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RPW Sample Midterm

Please read the following study and answer the questions that follow:
CULTURAL AND GENDER DIFFERENCES IN RISK-TAKING BEHAVIOR
AMONG AMERICAN AND SPANISH DECISION MAKERS
When an individual's action produces social and economic consequences that
cannot be estimated with certainty, risk is encountered. Risk averseness is
defined as the propensity to avoid taking risks and is generally conceived of
as a personality variable (Bonoma & Johnston, 1979). Different responses to
risk situations have been attributed to, among other reasons, cultural
(Carlson & Davis, 1971) and gender differences (Wallach & Kogan, 1959).
Also, it has been repeatedly argued that the ways in which business
managers handle risk can markedly affect economic performance and the
standard of living in various societies (Levitt, 1990). In today's fiercely
competitive international environment, those organizations that have
performed the best are comfortable with risks and tend to spend more on
research and development than less successful organizations. Here, to
explore cultural differences, we chose to contrast American and Spanish
societies because they are at different stages of economic development.
The objective of the study was to examine differences in risk-taking
behavior between American and Spanish subjects, and between male and
female subjects in both samples. The subjects were students seeking a
master's degree in business administration (MBA) and who would soon be
making important financial and investment decisions. The sample of
American MBA students consisted of 33 women and 77 men at the University
of Houston; the sample of Spanish MBA students consisted of 27 women and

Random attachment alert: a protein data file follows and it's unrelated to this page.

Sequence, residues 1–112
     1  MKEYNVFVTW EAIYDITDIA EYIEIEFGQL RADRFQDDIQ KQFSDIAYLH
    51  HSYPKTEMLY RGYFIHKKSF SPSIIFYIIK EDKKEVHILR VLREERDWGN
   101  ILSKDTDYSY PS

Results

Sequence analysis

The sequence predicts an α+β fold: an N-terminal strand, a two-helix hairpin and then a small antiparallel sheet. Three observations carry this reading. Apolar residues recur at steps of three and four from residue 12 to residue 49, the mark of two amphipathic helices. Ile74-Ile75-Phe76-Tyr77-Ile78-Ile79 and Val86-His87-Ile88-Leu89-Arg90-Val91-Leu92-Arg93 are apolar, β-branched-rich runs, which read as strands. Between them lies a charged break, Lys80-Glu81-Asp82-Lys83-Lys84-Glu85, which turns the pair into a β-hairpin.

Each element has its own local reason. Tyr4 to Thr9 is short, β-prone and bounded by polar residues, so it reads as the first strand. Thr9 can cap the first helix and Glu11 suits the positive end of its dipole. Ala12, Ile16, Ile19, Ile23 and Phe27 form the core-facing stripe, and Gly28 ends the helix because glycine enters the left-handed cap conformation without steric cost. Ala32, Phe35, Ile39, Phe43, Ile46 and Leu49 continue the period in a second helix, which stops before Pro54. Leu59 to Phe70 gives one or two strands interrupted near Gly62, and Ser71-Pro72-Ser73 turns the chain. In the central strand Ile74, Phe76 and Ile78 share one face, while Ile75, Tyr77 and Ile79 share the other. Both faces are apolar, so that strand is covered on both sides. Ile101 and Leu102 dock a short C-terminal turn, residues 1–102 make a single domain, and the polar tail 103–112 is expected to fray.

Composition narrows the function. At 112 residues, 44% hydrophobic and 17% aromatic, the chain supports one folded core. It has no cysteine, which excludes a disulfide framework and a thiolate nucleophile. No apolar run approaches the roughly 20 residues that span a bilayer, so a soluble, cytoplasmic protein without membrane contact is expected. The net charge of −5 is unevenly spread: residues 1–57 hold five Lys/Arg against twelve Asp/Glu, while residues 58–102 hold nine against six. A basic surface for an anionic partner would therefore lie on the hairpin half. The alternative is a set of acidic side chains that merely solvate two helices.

75 men at the Madrid School of Business.
The instrument for measuring risk-taking behavior was the Kogan and
Wallach (1964) Choice Dilemmas Questionnaire. Of the 12 items in the
questionnaire, one involving the decision of a quarterback in a football game
was eliminated from this study, as it was not appropriate for Spanish
subjects. At least four of the remaining items require subjects to make
business decisions (for example, should an organization build a plant in a
foreign country?). For each subject, the scores on the 11 items were
averaged to create an index of risk-taking behavior, where a low score
(minimum = 1.0) on each individual item indicated a propensity to take risk
and a high score (maximum = 10.0) indicated risk averseness.
Analysis of variance (ANOVA) indicated that Spanish subjects (mean risk
score = 5.92) showed greater risk-taking behavior than American subjects
(mean risk score = 6.51), F(3,208) = 22.70, p < .0001. Men (mean risk
score = 6.14) in the American sample showed more risk-taking behavior
than women (mean risk score = 6.89), F(1,108) = 13.54, p < .0004. Similar
results emerged in the Spanish sample in which men (mean risk score =

RPW Sample Midterm


5.32) showed more risk-taking behavior than women (mean risk score =
6.51), F(1,100) = 22.15, p < .0001.
Our findings with regard to gender differences appear to support prior
assertions that women are more conservative than men when the former
perceive the situation as ambiguous and, hence, have to make decisions
under uncertainty; this pattern held true in both cultures.
However, the Spanish sample as a whole was less risk averse than the
American sample, which may stem from the fact that the Spanish MBA